DR: How has the development of your musical styles and tastes influenced where you are now with this band?

Will Crewdson:

People seem to be picking up on the new EP really well but it’s hard to know whether that has to do with the sound developing or just these particular songs.

It’s easy to change the older stuff to become harder and more organically based so it can still stand level with our newer material.

DR: Does living the life of a musician ever find that stride and balance between family, friends, work, and creating?

Will Crewdson:

Personally, I need the traveling life of a musician to be able to appreciate those other parts of life so it all works out.

DR: Each day brings many new inspirations. What else does each of you find pleasure in?

Shaheena Dax :

I love films and documentaries, art exhibitions, I read all the time, I like browsing in bookshops, I enjoy walks in London parks looking at birds and trees, I love animals, I love vegan food, my cat Lance…Inspiration is everywhere – mostly in darker places for me though.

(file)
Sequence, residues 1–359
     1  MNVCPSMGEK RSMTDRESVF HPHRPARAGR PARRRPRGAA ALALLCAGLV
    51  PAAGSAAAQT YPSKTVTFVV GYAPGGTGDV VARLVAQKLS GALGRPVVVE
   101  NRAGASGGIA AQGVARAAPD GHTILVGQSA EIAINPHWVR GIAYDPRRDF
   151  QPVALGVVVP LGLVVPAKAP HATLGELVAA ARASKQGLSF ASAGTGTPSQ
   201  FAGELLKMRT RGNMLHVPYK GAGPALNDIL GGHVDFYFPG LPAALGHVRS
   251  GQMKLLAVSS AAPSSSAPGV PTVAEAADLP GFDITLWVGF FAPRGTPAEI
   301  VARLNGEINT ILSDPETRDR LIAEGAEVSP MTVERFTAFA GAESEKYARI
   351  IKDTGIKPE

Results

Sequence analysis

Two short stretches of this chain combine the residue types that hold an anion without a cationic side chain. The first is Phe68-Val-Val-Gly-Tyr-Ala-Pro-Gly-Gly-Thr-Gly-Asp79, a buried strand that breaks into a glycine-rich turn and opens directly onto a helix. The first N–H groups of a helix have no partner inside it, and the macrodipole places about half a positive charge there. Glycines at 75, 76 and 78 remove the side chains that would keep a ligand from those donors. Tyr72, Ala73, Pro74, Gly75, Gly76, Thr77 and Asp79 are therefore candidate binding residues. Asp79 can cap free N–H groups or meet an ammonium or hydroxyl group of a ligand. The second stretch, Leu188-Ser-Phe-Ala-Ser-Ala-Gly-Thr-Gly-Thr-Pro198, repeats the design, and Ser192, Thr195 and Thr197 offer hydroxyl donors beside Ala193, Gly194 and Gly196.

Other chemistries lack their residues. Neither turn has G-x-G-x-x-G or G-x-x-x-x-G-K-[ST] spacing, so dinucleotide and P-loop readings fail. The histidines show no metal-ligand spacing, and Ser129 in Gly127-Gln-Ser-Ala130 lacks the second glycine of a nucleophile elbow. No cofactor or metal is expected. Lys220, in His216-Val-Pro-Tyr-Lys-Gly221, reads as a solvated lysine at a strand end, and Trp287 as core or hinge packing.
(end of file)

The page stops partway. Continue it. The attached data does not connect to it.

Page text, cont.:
DR: Talk to us about this single, and EP. Give us a track by track image.

Shaheena Dax :

Bones – Obsession on a foggy London night in the East End.

Broken Morning – Heartbreak in Highgate.

Ashes – The madness of men and war.

Time – A dimension between Hiroshima and The Road.

DR: Do either of you, in particular, have a favored song from this EP or do you sparkle and glimmer over each one being uniquely their own star?

Will Crewdson:

I think “Broken Morning” is our most complete song to date. By that I mean all the parts flow together naturally to create an overall great song. Nothing is wasted on that track.

DR: At times a song played in a studio will pronounce itself somewhat differently when performed live. How close do you stay to the recording or do you find stage performance freedom to take on its own soul?

Will Crewdson:

I definitely try and vary the guitar parts whether that be with different effects or slightly different melodies. It keeps it fresh for me. Sometimes we add extra keyboard parts live that aren’t on the recording. It just adds to making it more special.

DR: How important is it to you as a band to maintain a certain amount of technical control over the whole process from beginning to end in writing/recording/mastering?